Today I’m delighted to welcome Dr Kate Hendricks Thomas to my blog. Kate is a neuroscientist and leading expert on resilience & stress management. She has been a guest on my podcast James Talks twice, most recently last Wednesday. Kate has lots of wisdom on personal wellness and spiritual health, it’s a privilege to host her today.
Despite the vast news coverage of the wars in Iraq and Afghanistan since 2001, one figure has remained mysterious: the number of suicides among U.S. servicemen and women, compared to combat casualties.
Here’s one statistic to contemplate: In 2012 the U.S. military lost 295 soldiers, sailors, airmen, and Marines in combat in Afghanistan.
But over this same time period, 349 took their own lives.
Right now we are losing more veterans to suicide than to combat.
I’m a pretty decisive person with limited ability to ask for help and zero trouble taking risks; there was a time I could have become one of those statistics.
I became a Marine to serve, and I loved being part of the Corps.
As with anything I have ever loved intensely, the military changed and shaped me.
That process of obstacles, mastery experience, and shared hardship offers growth and transformation, but coming back to civilian life after it can be incredibly hard.
Standards are different. Camaraderie is different. Values are absolutely different. I witnessed first-hand the toll that leaving the service took on many of us.
My own public story was of crisp uniforms, physical fitness metrics, and successes.
I always looked good on paper.
My private story involved destructive choices, broken doors and holes in the walls, hiding weapons in the house, and getting dragged across the living room floor by my hair.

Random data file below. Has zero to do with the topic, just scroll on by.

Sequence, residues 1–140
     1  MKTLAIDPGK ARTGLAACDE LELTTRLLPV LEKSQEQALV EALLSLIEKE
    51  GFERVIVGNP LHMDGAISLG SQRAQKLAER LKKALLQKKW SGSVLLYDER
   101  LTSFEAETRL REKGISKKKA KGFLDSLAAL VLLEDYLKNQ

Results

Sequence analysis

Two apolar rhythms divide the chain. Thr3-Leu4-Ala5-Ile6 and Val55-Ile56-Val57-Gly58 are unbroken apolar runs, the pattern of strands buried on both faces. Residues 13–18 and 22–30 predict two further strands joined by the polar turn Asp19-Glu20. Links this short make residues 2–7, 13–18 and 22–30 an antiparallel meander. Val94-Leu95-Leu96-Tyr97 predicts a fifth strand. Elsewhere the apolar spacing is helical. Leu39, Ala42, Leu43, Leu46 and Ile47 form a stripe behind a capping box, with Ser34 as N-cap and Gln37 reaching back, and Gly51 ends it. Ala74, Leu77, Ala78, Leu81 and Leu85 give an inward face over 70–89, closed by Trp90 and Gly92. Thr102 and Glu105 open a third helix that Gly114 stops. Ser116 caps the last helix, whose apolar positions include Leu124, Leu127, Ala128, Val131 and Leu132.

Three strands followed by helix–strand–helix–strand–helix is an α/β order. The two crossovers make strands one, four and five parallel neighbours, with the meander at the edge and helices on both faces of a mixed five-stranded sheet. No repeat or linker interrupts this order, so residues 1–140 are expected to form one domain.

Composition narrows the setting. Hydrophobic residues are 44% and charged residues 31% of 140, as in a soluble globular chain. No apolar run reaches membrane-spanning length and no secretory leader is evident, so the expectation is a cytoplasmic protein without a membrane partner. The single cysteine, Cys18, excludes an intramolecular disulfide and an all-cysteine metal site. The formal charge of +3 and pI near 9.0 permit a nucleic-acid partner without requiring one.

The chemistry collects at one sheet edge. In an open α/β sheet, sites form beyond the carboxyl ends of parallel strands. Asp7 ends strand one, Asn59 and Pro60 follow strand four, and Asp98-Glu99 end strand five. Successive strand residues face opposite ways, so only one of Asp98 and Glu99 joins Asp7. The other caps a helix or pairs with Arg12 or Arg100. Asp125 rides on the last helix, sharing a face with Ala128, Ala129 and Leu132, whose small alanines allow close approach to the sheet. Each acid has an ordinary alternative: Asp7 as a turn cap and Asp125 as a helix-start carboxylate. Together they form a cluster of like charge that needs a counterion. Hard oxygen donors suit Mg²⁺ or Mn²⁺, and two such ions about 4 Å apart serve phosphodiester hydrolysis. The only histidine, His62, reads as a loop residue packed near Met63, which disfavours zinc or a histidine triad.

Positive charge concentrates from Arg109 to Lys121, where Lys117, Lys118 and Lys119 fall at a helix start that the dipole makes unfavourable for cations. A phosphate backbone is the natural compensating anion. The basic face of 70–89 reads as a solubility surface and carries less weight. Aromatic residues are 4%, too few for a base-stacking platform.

I was always tense, believed fitness should be painful, and was as far from God as a person could be.
Of course, I had no idea at the time.
I’m no one’s patient and I had no desire to go sit on a clinician’s couch.
For me, getting back to wholeness had to happen a different way. Practicing Resilience.
I believe there is tremendous work to be done to re-frame current narratives about veterans’ health.
We need to alter our and focus on resilience as something that can be trained and cultivated before combat is experienced.
We can do this- resilience can be taught.
Self-care modalities, social support cultivation, and spiritual practices are the components upon which we must rely.
Finding Spirituality and Yoga
For me, a huge part of self-care involved slowing down enough to listen to my body and create space for spirituality.
I found myself on a yoga mat and never wanted to leave.
In truth, I came to yoga as an athlete looking for something challenging, a fitness fad to master, and something to help me bend my unyielding muscles a bit more easily.
What I found on the mat changed my life entirely.
I found a practice that was about more than my body.
Be still and know that I am God –Psalm 46:10
Today I share yoga with other veterans as one part of a toolkit to improve mental fitness.
Do you want to move past something painful?
Yoga can help you sit with it.
Do you want to know or make space to understand God?
Yoga can quiet your mind and allow the space.
Want to become more resilient?
Yoga can do that.
YOU can do that.
Dr. Kate Hendricks Thomas is a U.S. Marine veteran and wellness coach who writes about resilience building, creating strong communities, and the science of spirituality. You can find her new book, Brave, Strong, True: The Modern Warrior’s Battle for Balance, here.
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